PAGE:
What is health insurance? How Do I get it? How expensive is it? Do I need a job or can I be self employed?
Is a type of insurance whereby the insurer pays the medical costs of the insured if the insured becomes sick due to covered causes, such as sickness or injury. The insurer may be a private entity or a government agency. Included in health insurance are various types of insurance such as accident insurance, disability income insurance, medical expense insurance, and accidental death and dismemberment insurance.
According to the latest U.S Census Bureau approximately 85% of Americans have health insurance. Approximately 60% obtain health insurance through their place of employment or as individuals, and various government agencies provide health insurance to 25% of Americans.
Private health insurance
Before signing up with a health insurance policy make sure that you have read thoroughly the entire plan’s information, esp. the benefit’s section. The benefit’s section is the section that will explain all that is entitled to you once you get sick or hurt! This is of extreme importance for you. You must know what is covered and what is not, before you sign up to any coverage at all.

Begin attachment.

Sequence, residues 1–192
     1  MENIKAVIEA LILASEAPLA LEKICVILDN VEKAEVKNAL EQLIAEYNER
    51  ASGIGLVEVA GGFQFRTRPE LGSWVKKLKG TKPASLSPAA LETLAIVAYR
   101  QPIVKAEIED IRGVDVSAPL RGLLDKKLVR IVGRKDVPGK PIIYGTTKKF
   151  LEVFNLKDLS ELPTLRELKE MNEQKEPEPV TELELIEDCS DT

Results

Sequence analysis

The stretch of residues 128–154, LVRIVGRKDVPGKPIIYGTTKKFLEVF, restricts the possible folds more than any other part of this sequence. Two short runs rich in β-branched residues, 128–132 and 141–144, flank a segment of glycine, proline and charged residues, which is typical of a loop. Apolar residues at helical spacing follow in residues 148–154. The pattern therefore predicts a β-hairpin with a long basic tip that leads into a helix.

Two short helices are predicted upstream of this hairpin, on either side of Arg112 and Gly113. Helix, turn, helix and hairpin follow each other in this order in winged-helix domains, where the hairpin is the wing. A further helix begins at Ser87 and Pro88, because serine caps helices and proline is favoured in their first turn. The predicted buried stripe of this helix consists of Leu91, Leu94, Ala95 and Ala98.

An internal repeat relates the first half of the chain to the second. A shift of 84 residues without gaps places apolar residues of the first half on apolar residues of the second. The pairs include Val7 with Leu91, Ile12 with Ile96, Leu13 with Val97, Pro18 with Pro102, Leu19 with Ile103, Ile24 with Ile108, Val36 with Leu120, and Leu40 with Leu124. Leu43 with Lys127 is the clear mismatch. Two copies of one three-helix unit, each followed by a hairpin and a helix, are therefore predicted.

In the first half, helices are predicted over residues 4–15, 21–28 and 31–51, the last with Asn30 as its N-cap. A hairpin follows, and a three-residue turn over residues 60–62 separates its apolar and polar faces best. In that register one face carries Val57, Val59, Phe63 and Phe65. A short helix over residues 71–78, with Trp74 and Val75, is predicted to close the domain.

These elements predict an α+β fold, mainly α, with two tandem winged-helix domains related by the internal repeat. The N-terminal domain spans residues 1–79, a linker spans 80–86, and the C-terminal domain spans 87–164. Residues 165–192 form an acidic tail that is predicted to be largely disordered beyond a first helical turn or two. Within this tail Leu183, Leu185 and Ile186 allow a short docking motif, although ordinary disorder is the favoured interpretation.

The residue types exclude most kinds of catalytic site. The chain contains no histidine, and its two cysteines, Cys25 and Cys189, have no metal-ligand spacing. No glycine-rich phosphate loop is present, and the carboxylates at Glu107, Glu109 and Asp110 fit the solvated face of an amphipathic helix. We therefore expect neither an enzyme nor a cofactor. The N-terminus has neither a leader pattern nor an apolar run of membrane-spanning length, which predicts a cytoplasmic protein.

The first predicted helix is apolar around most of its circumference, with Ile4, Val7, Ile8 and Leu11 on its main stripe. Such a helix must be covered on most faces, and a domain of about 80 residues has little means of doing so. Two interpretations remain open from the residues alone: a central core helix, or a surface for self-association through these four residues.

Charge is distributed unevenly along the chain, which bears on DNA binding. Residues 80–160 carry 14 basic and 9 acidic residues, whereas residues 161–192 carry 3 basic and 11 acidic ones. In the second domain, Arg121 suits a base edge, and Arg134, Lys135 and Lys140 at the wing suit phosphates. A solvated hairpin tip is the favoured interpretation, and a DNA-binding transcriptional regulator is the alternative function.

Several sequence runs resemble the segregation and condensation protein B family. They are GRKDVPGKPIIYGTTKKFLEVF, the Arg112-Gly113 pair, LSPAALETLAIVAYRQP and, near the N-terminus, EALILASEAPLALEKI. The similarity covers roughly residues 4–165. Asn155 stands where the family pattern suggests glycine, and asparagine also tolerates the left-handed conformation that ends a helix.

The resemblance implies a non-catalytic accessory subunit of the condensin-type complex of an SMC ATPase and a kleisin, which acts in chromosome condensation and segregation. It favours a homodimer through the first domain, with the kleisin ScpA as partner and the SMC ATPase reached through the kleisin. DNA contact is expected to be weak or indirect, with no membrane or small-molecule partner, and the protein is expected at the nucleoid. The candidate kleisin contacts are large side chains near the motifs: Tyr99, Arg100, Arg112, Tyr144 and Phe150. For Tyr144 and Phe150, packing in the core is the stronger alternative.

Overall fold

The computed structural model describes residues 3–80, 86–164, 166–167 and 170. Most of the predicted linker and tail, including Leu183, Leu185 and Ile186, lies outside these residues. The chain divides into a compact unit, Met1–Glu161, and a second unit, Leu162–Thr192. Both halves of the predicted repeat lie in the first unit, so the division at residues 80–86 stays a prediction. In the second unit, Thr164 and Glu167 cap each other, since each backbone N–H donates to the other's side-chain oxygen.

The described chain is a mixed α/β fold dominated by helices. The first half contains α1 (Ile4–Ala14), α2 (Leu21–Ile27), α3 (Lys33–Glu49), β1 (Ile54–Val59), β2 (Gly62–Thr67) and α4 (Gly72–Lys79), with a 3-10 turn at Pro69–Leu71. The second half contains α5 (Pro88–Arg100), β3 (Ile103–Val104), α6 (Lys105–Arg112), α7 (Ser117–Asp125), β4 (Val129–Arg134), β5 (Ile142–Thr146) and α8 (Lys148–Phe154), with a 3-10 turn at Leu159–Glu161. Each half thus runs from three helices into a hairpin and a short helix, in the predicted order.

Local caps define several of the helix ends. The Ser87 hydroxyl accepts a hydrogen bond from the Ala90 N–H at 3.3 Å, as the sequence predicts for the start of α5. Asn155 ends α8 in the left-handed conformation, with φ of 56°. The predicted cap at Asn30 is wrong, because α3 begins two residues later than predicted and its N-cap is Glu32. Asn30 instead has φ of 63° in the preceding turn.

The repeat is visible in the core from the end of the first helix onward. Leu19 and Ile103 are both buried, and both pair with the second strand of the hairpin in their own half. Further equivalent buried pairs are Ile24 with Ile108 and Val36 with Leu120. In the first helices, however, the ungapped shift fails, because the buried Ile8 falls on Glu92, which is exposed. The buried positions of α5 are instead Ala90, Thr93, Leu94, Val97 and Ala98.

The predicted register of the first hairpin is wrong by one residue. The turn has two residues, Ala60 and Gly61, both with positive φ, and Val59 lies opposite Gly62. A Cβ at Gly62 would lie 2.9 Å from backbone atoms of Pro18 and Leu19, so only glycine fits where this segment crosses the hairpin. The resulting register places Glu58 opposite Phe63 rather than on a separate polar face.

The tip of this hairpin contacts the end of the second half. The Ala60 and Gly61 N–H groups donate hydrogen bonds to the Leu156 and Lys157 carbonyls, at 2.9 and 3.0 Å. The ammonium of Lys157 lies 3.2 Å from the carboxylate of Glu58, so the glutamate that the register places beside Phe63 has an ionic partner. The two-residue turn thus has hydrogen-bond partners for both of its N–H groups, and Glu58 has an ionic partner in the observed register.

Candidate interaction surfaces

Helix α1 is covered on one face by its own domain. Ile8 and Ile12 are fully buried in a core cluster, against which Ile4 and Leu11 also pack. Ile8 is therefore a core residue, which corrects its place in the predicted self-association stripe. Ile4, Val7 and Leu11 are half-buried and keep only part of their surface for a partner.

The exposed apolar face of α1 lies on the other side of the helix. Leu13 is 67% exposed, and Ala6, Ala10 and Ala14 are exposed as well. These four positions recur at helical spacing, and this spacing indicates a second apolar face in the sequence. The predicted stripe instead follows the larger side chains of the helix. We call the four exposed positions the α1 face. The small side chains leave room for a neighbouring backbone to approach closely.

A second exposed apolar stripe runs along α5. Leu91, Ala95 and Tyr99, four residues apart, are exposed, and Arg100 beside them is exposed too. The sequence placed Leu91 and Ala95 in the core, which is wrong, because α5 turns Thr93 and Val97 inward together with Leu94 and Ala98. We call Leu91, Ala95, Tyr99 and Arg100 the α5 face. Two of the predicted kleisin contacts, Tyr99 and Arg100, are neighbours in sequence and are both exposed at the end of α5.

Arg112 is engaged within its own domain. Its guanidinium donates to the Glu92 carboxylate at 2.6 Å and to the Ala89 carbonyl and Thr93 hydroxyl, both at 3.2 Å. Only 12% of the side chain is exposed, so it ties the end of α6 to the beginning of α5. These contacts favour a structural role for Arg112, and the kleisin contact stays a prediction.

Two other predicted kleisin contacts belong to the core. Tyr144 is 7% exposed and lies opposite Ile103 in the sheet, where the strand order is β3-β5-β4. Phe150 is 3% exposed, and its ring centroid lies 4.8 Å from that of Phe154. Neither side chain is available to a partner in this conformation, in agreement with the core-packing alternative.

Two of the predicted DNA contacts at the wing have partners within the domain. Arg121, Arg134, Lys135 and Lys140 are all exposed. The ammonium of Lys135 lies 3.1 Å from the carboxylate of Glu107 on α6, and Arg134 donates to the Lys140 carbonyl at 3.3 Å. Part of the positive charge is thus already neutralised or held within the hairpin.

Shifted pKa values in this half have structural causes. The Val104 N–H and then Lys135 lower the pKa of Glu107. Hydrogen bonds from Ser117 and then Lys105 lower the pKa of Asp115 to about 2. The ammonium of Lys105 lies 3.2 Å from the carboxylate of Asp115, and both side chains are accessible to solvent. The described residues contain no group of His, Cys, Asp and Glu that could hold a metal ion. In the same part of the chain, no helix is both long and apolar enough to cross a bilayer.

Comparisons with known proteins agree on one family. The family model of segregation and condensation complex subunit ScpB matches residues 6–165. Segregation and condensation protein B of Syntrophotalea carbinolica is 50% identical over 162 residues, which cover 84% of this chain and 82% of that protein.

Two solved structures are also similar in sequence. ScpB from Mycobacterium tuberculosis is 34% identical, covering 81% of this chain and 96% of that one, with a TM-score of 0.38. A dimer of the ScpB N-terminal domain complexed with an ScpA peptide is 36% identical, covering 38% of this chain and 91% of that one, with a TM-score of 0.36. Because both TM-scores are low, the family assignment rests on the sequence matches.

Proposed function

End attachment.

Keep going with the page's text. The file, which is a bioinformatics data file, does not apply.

Pay attention when reviewing the policy to how it’s phrased.
Sometimes, Health insurance companies have a tendency of using big words and phrases to explain or “hide” health coverage exclusions within the complexity of these words. Basically its corporate mumbo jumbo, so be careful. You should compare as many health insurance contracts as you can, before you sign one.
Be prepared to answer many questions about your lifestyle.
Before buying health insurance, a person typically fills out a comprehensive medical history. Applicants are given a form that asks many questions. Such as whether the person smokes, weight, and has the person ever been treated for any diseases. Applicants can get discounts if they live a healthy lifestyle and do not smoke. Applicant’s medical history is also used to screen out people with pre-existing medical conditions.
Once you have signed up for one, you will pay a monthly amount, called a premium, to an insurance company in return for ‘benefits’, to be paid out as needed. The benefits are what you get when you are sick or hurt. Depending on the kind of plan that you choose, those benefits might include regular doctor’s office visits, checkups, emergency room services and hospitalizations, and treatment by specialists.